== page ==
Written answers

Wednesday, 20 May 2020

Department of Employment Affairs and Social Protection

Carer's Benefit Eligibility

Photo of Charlie McConalogueCharlie McConalogue (Donegal, Fianna Fail)
Link to this: Individually | In context

1217. To ask the Minister for Employment Affairs and Social Protection if she will examine the circumstances referenced in correspondence from a person (details supplied); if carer's benefit can be extended in this case; and if she will make a statement on the matter. [5904/20]

Photo of Regina DohertyRegina Doherty (Meath East, Fine Gael)
Link to this: Individually | In context

The Government recognises the crucial role that family carers play in Irish society and is fully committed to their support through a range of supports and services.  The main income supports provided by my Department include Carer's Benefit, Carer's Allowance, Domiciliary Care Allowance, and the Carer's Support Grant.  Spending on these payments in 2020 is expected to exceed €1.3 billion.

Carer's Benefit is a payment made to insured people who leave the workforce to care for someone in need of full-time care and attention.  Carer’s Benefit is payable for a maximum period of 104 weeks for each person being cared for.  It can be taken in one block or in separate periods as long as the combined total does not exceed 104 weeks.

Extending the number of weeks Carer’s Benefit is paid from its current 104 weeks would incur additional expenditure.  It should be noted that not all those claiming Carer’s Benefit remain in payment for the full 104 weeks.  My Department examined this matter in 2017 and found that the average duration on Carer’s Benefit was 74.2 weeks between 2010 and 2016.  Therefore, the current 104 week payment duration represents a reasonable length of time to support a carer’s temporary absence from work.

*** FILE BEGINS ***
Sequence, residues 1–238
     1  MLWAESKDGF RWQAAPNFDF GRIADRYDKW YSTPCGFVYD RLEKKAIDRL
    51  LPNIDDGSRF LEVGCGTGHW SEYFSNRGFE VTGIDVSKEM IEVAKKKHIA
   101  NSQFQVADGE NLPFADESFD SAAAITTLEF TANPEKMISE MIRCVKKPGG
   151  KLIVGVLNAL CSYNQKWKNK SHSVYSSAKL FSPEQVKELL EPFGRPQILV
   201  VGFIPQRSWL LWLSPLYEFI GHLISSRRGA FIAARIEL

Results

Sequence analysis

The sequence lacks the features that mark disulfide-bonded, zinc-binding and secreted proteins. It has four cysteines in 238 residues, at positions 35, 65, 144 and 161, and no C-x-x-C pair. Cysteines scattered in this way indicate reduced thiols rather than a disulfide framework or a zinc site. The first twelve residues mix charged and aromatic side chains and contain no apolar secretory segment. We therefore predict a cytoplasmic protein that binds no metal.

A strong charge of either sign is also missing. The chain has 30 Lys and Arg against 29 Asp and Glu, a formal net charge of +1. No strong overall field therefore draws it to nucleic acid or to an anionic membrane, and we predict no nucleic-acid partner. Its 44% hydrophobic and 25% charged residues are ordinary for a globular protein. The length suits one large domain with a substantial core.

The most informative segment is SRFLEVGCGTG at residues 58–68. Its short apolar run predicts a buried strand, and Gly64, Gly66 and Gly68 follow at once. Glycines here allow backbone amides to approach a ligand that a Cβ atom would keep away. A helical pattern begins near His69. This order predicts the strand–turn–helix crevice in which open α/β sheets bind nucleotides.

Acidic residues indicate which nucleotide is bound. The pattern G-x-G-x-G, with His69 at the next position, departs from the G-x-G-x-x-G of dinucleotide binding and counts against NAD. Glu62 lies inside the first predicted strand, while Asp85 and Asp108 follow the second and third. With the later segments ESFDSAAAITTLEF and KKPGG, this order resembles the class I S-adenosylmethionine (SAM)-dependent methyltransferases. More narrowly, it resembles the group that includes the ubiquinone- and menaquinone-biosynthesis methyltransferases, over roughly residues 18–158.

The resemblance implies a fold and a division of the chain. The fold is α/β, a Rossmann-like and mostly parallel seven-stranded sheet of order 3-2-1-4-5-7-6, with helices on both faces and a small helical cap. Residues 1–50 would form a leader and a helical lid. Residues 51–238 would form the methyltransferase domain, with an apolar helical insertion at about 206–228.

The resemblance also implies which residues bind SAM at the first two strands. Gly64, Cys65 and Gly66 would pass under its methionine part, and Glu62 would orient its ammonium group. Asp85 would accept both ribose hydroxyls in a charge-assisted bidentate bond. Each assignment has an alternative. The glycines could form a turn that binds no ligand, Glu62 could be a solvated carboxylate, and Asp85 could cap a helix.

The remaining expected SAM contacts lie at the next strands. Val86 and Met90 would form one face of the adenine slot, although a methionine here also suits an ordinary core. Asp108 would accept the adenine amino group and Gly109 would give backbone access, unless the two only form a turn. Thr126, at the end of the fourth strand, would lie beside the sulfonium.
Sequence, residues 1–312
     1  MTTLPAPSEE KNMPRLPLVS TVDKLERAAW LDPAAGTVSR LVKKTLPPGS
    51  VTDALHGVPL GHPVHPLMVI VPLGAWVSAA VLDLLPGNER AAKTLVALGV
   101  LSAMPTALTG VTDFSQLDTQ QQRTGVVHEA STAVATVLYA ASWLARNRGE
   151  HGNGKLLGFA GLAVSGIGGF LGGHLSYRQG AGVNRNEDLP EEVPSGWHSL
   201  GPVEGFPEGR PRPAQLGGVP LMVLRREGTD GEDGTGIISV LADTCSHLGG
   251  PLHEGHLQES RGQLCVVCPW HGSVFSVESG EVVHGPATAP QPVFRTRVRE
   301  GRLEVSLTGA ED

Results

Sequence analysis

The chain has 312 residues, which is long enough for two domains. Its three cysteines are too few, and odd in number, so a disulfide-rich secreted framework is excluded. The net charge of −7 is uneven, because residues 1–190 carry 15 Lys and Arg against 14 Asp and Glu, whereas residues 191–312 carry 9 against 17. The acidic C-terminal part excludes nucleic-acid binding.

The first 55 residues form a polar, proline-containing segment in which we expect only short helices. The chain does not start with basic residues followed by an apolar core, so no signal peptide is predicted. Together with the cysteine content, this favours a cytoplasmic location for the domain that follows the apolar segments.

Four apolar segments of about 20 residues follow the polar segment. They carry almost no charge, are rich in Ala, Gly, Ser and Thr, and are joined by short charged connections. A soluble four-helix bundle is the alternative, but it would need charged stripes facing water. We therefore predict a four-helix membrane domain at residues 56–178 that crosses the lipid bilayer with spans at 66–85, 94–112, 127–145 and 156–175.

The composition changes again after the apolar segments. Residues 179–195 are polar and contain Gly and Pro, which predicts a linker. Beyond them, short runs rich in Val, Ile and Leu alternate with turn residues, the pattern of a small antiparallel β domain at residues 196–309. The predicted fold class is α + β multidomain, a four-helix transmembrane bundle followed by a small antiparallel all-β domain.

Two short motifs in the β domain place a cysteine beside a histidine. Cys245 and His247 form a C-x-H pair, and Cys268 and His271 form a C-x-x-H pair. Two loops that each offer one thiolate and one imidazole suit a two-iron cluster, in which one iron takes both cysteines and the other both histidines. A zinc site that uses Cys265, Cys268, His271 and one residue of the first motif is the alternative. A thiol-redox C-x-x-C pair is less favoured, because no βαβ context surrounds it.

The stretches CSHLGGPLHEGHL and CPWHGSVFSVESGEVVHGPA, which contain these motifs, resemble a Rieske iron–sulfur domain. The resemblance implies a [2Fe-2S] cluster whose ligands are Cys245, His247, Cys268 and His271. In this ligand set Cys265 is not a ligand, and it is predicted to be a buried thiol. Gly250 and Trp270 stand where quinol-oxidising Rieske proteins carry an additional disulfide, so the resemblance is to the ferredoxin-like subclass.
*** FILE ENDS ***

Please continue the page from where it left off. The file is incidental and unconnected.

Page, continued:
Where care is provided beyond the period of entitlement to Carer’s Benefit, the means tested Carer’s Allowance is available for those who are in need of income support.

The means test for Carer’s Allowance is one of the most generous in the social protection system.  Currently €332.50 of gross weekly income is disregarded in the calculation of means for a single person; the equivalent for someone who is married, in a civil partnership or cohabiting is €665 of combined gross weekly income.  A Carer may engage in employment outside the home for up to 18.5 hours per week.

The conditions attached to payments of Carer’s Allowance are consistent with the overall conditions that apply to social assistance payments generally.  This system of social assistance supports provides payments based on an income need with the means test playing the critical role in determining whether or not an income need arises as a consequence of a particular contingency – be that illness, disability, unemployment or caring.  Carer's Allowance acts as an income support for those who cannot earn an income in the open labour market due to their caring responsibilities.  The continued application of the means test not only ensures that the recipient has a verifiable income need but that resources are targeted to those with greatest need. 

Based on the number of carers identified as part of Census 2016, it is estimated that a universal carer’s payment could cost up to an additional €1.2 billion per annum.

In assessing claims for means tested social welfare schemes, account is taken of the income and the value of capital, including shares, of the claimant and his or her spouse/partner.

The general rule for assessment of pension funds or annuities is that money invested in a pension fund is not assessable for means purposes if it is not accessible to the claimant.  However, this must specifically be a pension fund, and not a general savings account being used by the claimant as savings for their retirement.  For PRSA pensions, so long as the pension remains inaccessible to the claimant, it is not assessable as means.

The value of any cash otherwise available from a pension fund is assessed on the basis of the capital valuation of that fund and any regular pension payments received are treated as income for means purposes.

I can assure the Deputy that I am very aware of the key role carers play in society and I will continue to keep the range of supports available to carers under review.  Any improvements or additions to these supports must be considered in a budgetary context and in the light of available financial resources.

I trust this clarifies the matter for the Deputy.

Comments

No comments

Log in or join to post a public comment.